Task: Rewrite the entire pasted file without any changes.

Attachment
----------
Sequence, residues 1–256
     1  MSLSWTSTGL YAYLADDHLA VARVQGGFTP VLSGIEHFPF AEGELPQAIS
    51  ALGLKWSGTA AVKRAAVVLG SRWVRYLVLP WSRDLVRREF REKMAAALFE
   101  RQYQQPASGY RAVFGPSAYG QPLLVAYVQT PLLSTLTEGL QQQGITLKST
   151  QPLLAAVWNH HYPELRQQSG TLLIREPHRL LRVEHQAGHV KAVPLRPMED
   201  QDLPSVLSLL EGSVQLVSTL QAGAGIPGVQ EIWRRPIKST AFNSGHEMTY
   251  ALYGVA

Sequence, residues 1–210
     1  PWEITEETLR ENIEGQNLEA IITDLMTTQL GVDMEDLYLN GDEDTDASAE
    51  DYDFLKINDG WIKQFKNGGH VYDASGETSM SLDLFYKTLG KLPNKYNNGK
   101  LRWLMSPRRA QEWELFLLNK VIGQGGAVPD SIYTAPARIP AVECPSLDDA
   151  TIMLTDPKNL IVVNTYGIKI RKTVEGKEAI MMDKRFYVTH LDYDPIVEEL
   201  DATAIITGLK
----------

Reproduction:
Sequence, residues 1–256
     1  MSLSWTSTGL YAYLADDHLA VARVQGGFTP VLSGIEHFPF AEGELPQAIS
    51  ALGLKWSGTA AVKRAAVVLG SRWVRYLVLP WSRDLVRREF REKMAAALFE
   101  RQYQQPASGY RAVFGPSAYG QPLLVAYVQT PLLSTLTEGL QQQGITLKST
   151  QPLLAAVWNH HYPELRQQSG TLLIREPHRL LRVEHQAGHV KAVPLRPMED
   201  QDLPSVLSLL EGSVQLVSTL QAGAGIPGVQ EIWRRPIKST AFNSGHEMTY
   251  ALYGVA

Sequence, residues 1–210
     1  PWEITEETLR ENIEGQNLEA IITDLMTTQL GVDMEDLYLN GDEDTDASAE
    51  DYDFLKINDG WIKQFKNGGH VYDASGETSM SLDLFYKTLG KLPNKYNNGK
   101  LRWLMSPRRA QEWELFLLNK VIGQGGAVPD SIYTAPARIP AVECPSLDDA
   151  TIMLTDPKNL IVVNTYGIKI RKTVEGKEAI MMDKRFYVTH LDYDPIVEEL
   201  DATAIITGLK